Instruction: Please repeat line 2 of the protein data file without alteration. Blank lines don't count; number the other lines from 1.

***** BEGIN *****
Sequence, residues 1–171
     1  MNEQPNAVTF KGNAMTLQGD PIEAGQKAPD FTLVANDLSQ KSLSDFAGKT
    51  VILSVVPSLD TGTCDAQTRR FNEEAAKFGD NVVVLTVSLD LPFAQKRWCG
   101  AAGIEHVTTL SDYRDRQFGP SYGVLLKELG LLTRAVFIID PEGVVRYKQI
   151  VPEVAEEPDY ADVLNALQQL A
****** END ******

     1  MNEQPNAVTF KGNAMTLQGD PIEAGQKAPD FTLVANDLSQ KSLSDFAGKT